A cheeky signboard welcomes you to aPaulogy, an art gallery in the cantonment area of old Bengaluru. This is artist Paul Fernandes’s gallery of ‘Curious Illustration’. Alongside the name is a quixotic figure armed with a lance-like paintbrush wobbling down the road on a rickety bicycle. You smile and step inside, to find yourself in a longish room whose walls are painted with all sorts of funny figures and bustling places.
Fernandes breaks into a smile that disappears into his salt-and-pepper beard as he introduces me to Chicku Jayadeva, his longtime friend and co-writer. They have worked together on two books that have gotten much acclaim: Coastline, Fernandes’s latest, and Bangalore: Swinging in the 70s, both published almost on the trot.
Fernandes has lived in Bengaluru most of his life, with frequent visits to Mangaluru for weddings and holidays. After graduating in 1983 from Baroda’s M.S. University, he stayed in Mumbai for a few years, pursuing a career in advertising and revelling in the sense of living history all around him. All these places come to life in his illustrations. Another favourite place of his is Goa — “that incredible strip of land” — captured in all its eccentricity in Coastline.
At the centre of the gallery hangs a large mural from Coastline of a traditional Mangaluru wedding — with eccentric aunts, oddball uncles and sundry inebriated songbirds. They are rendered with aplomb, as are the rest of the figures in Coastline.
The two describe the book as their version of a travelogue, a “happy haphazard tour,” with stops at Mumbai, Goa, Mangaluru and Kerala. The timeless charm of these places jumps out of the illustrations, but there’s more. Fernandes has an eye for the quirky and the funny — for instance, in the picture of the shore bar in Goa’s Baga, you find Boastiao’s Sunshine Shack offering “Sarong, Bikini, Slippers, Tattoos” as a fisherman walks by, dressed in the poor man’s monokini, the langot. The accompanying text by Jayadeva has its own brand of delicate humour.
Predictably, Aamchi Mumbai gets the lion’s share of Coastline, its fabled past merging seamlessly with a lived present. According to Fernandes, the book makes “a strong attempt” to capture the city’s persona: “I could not articulate it then [while working], but I think Mumbai’s sights, sounds and smells gave me a better sense of history’s continuum than any lesson I was taught,” he says. He made frequent visits over 12 years. Jayadeva opens the book to reveal a breathtaking aerial view of South Mumbai, spreading from the Gateway of India in the east to the Air India building in the west and gathering in its sweep everything in between, recorded in the minutest detail. “From an architectural point of view, it’s so meticulously done,” she says, adding that this particular drawing took Fernandes five years to complete.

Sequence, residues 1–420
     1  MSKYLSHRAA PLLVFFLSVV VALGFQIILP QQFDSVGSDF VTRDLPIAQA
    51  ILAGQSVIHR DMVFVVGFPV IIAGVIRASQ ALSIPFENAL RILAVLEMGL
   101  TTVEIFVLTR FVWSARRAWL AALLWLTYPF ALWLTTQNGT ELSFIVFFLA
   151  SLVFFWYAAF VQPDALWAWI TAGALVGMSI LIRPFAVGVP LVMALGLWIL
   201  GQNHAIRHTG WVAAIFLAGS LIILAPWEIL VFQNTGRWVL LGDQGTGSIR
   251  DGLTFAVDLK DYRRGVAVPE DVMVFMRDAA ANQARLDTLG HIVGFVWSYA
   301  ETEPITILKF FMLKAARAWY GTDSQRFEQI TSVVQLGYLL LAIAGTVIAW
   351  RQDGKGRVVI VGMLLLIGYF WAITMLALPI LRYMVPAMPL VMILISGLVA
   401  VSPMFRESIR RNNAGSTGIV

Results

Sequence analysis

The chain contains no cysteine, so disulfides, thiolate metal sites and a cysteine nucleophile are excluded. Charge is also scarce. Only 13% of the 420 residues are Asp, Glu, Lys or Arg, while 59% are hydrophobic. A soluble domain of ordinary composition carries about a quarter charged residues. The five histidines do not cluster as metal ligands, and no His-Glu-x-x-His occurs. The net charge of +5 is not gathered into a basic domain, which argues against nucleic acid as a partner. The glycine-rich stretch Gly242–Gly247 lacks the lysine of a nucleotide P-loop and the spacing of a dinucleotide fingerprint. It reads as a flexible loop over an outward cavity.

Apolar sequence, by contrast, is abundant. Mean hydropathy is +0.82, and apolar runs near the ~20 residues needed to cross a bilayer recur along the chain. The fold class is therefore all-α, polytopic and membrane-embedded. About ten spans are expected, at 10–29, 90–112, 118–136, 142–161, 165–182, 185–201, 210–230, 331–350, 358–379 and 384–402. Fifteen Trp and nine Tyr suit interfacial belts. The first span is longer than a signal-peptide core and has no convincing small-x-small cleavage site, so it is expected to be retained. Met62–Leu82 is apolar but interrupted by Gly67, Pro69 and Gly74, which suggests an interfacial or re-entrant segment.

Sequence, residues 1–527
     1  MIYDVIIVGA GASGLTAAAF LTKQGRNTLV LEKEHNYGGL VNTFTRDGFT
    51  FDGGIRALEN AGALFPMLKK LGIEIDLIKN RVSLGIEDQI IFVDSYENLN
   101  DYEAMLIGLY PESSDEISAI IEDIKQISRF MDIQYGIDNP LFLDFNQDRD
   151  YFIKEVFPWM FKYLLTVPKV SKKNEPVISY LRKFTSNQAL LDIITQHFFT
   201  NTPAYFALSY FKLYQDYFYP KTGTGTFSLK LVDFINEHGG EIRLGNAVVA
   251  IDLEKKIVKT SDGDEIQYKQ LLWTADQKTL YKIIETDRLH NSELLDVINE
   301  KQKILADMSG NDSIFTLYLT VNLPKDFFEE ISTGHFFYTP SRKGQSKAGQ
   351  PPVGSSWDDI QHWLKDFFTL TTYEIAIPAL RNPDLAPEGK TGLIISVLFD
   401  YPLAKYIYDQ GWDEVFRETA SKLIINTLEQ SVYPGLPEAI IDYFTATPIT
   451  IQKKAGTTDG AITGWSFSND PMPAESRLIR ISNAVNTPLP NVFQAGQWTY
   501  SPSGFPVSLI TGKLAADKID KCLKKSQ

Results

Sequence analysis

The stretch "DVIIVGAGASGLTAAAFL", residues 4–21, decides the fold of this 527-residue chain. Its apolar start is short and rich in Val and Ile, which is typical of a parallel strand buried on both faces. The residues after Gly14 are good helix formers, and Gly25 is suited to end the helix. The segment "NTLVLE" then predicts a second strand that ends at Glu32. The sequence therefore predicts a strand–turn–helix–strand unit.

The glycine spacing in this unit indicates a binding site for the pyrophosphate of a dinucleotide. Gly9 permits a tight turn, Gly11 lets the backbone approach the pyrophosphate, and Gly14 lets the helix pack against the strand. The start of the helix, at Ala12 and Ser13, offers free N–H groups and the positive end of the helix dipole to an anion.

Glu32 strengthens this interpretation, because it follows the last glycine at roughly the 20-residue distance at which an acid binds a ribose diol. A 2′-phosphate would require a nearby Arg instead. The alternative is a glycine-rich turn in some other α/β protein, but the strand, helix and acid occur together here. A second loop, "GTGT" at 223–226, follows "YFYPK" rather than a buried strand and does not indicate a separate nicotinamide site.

Everything that makes Mumbai Mumbai — its iconic monuments, cultural diversity, BEST buses, kaali-peeli taxis, Irani cafés, dabbawalas and more — is vibrantly depicted. But you can’t ignore the shadier side either. “You have to go everywhere and see. Even the red light area, the back roads,” Fernandes says.
Boats dominate the imagery, right from the cover page showing ferryboats milling around the Mumbai harbour. They are also there in the evocative sketches of the Alappuzha backwaters, in Fort Kochi with its Chinese fishing nets, in Susegad, Goa, where time stands still, and on the waterways of Mangaluru, with its boat-building and fishing communities.
How was working on Coastline different from working on Bangalore? “The Bangalore book exists in a limited, very intimate relationship with the cantonment area. Coastline has a further view of things. In Bangalore, you’re looking at a lot of green. On the coast, it’s a lot of blue: there’s the horizon to deal with, there’s the new element of boats which is such a world of its own. Just a boat is such poetry,” Fernandes says.
Get up and dance
One of Paul Fernandes’s illustrations from ‘Coastline’.
So, what sets off a drawing? Fernandes confides that a clear and fresh thought brings a smile to his face and tells him he’s ready to draw. “If you start giggling to yourself, you know you’re ready. And if something better happens, you can get up and start dancing.” On a more serious note, he says, “Essentially, a story marks the beginning of a drawing — even a small anecdote, a small memory or a chat with someone who’ll tell me about the old days. All those are triggers.”
Looking at his drawings, Mario Miranda inevitably comes to mind and indeed Miranda is the cartoonist to whom Fernandes is often compared. When I point this out, Fernandes says, “I learnt a lot from Mario’s way of thinking and the way he approached the subject but, style-wise, I think we’re different.” It took Fernandes 40 years to arrive at his distinctive style. “I’d been drawing for advertising, but slowly I got out of drawing for other people and started drawing for myself. This was much more difficult but totally worth it.”
Now, Fernandes has the leisure to study and portray his subjects in depth without being bound by deadlines. “You got to have the time to just sit and look,” he says. I ask if his drawings are only about smiling faces. Are they meant to encourage deeper reflection too perhaps? “Maybe in hindsight,” Fernandes says. “A person like me can’t be an activist or a voice in front of a crowd. But if through a drawing I can show people that the gentle way is the better way, well…,” he trails off, leaving the rest to the imagination, as he does so often in his illustrations.
The writer is an English teacher who sets off on quirky quests in Bengaluru.